In this March 2, 2021, file photo, socially distanced and with protective partitions students work on an art project during class at the Sinaloa Middle School in Novato, Calif. Public schools have struggled for years with teacher shortages, particularly in math, science, special education and languages. But the pandemic has exacerbated the problem. The stresses of teaching in the COVID-era caused a spike in teacher retirements and resignations. Now that California schools have welcomed students back to in-person learning, they face a new challenge: A shortage of teachers and all other staff, the likes of which some districts say they've never seen. (AP Photo/Haven Daley, File)
LANSING, Mich. — Michigan has recorded more than 1 million confirmed cases of coronavirus infections since the start of the pandemic.
Officials said Wednesday that the state crossed that threshold by reporting 6,079 new cases over the last two days. There have been at least 20,781 deaths in Michigan linked to COVID-19, the disease that can be caused by the virus.
The state health department says nearly 58% of eligible Michigan residents 12 and older are fully vaccinated.
Detroit Mayor Mike Duggan, meanwhile, tells The Detroit News that he worries another “major wave” of cases is coming this fall. He adds that because of staff shortages at hospitals, “I think we’re going to have a major problem in Michigan in the next couple of months.”
MORE ON THE PANDEMIC:
— Biden doubling vaccine purchase, calls for more global shots
— CDC panel considers who needs booster shots
— United Airlines says 97% of US-based workers fully vaccinated
— COVID-19 creates dire US shortage of teachers, school staff
— See AP coverage at https://apnews.com/hub/coronavirus-pandemic
HERE’S WHAT ELSE IS HAPPENING:
BOISE, Idaho — A lawyer has told an Idaho legislative committee the state should adopt a health policy making vaccine status a private medical record that employees could refuse to make available to employers as a way to thwart President Joe Biden’s vaccine mandate.
Attorney Christ Troupis told the legislature’s Committee on Federalism on Wednesday that such a policy would insulate employers from potential federal penalties involving coronavirus vaccine mandates.
The committee is looking for potential legislation that could draw enough support among lawmakers to reconvene the legislature before it meets for its regular session in January.
The committee that deals with state sovereignty issues took no action, but plans to meet again Tuesday.
CHARLESTON, W.Va. — West Virginia’s coronavirus vaccination figures have been adjusted sharply lower after officials discovered that numbers from a federal contractor had been double counted.
Authorities said Wednesday the revision shows that 63.7% of state residents over age 12 have received at least one dose of vaccine, rather than 74.3% as previously reported. The state’s figures kept the percentage of those 12 and older who are fully vaccinated at 60.1%.
An official says the state discovered a problem with contractor data from the CDC that had led the state to double count vaccination numbers since early in May. A CDC spokesman says the agency is working with the state to address the problem.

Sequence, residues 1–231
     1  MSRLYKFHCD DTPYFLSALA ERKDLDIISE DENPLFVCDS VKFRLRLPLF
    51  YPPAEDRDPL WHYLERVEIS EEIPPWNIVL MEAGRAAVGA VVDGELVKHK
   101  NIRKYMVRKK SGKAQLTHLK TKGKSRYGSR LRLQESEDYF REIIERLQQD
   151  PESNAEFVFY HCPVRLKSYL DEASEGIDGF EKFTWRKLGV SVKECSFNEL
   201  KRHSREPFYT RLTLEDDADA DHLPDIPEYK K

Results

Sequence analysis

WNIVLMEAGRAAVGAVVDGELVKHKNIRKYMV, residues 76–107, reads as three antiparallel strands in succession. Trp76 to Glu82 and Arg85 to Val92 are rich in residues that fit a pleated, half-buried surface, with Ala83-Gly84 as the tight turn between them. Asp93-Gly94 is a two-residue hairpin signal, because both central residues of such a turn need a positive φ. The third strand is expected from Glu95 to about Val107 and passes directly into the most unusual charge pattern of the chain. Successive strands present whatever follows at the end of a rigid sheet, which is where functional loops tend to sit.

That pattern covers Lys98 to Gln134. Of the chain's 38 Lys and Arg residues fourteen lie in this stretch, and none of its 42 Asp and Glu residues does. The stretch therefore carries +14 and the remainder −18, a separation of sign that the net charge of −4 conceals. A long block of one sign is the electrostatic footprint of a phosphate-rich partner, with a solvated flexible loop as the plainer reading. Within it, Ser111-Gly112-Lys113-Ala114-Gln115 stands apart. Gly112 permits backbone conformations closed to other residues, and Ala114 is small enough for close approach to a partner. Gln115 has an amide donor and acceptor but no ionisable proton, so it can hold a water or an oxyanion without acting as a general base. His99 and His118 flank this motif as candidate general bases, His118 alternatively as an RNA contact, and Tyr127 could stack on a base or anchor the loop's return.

Gov. Jim Justice says the state now needs to find even more people who haven’t received their first dose of vaccine.
HOLLAND, Mich. — A western Michigan restaurant opened before sunrise Wednesday as the owner welcomed diners for the first time since she spent four nights in jail for ignoring pandemic orders.
Marlena’s Bistro and Pizzeria in Holland had been closed in March, but Marlena Pavlos-Hackney has recovered her food license.
One of the first customers in said of the owner: “She’s a hero.”
Pavlos-Hackney allowed indoor dining last winter despite state and local prohibitions. She also ignored other rules aimed at controlling the spread of the coronavirus. She said her customers’ health was up to them.
Pavlos-Hackney is appealing a $15,000 fine that had to be paid before she could leave jail. She said Wednesday that “it feels so good to see all my people, their smiling faces.”
HONOLULU -- A judge in Hawaii has issued an arrest warrant for an Illinois woman after she failed to appear Wednesday for a virtual court hearing over her arrest for an alleged fake coronavirus vaccination card that misspelled Moderna as “Maderna.”
The 24-year-old woman was released without bail earlier this month charged with two misdemeanor counts of violating Hawaii’s emergency rules to control the spread of the virus.
Authorities say in court documents that in order to bypass Hawaii’s 10-day traveler quarantine, she uploaded a vaccination card with the glaring spelling error to the state’s Safe Travels program and arrived in Honolulu on Aug. 23.
It’s not clear if she has hired an attorney. The woman hung up on an Associated Press reporter who asked her to comment on the allegations Wednesday.
TALLAHASSEE, Fla. — A day after assuming his job, Florida’s newly appointed surgeon general has signed new rules allowing parents to decide whether their children should quarantine or stay in school after being exposed to someone who has tested positive for the coronavirus.
The guidelines signed Wednesday by Dr. Joseph Ladapo eliminate previous rules requiring students to quarantine for at least four days off campus if they have been exposed. Under the new rules, students who have been exposed can continue going to campus, “without restrictions or disparate treatment,” provided they are asymptomatic. They can also quarantine, but no longer than seven days, provided they do not get sick.
Gov. Ron DeSantis said said that “quarantining healthy students is incredibly damaging for their educational advancement.”
The CDC says people who get infected can spread the virus starting from two days before they have any symptoms. The CDC recommends a student should quarantine for 14 days if they are unvaccinated.
HELENA, Mont. — Gov. Greg Gianforte said he will deploy Montana National Guard soldiers to help overburdened hospital staff in Great Falls.
Wednesday’s announcement comes as COVID-19 hospitalizations near 400 and a southwestern Montana hospital reports crisis standards of care are imminent. Gianforte announced the upcoming deployment of 20 Guard members to Benefis Health System, starting next weekend.
On Tuesday, the governor announced 70 Guard members were being sent to fulfill requests for additional help at six hospitals. Under the current requests, Montana will have 107 Guard members assisting with the state’s COVID-19 response. Montana hospitals are reporting 395 patients with COVID-19. The governor’s office anticipates more requests for Guard assistance.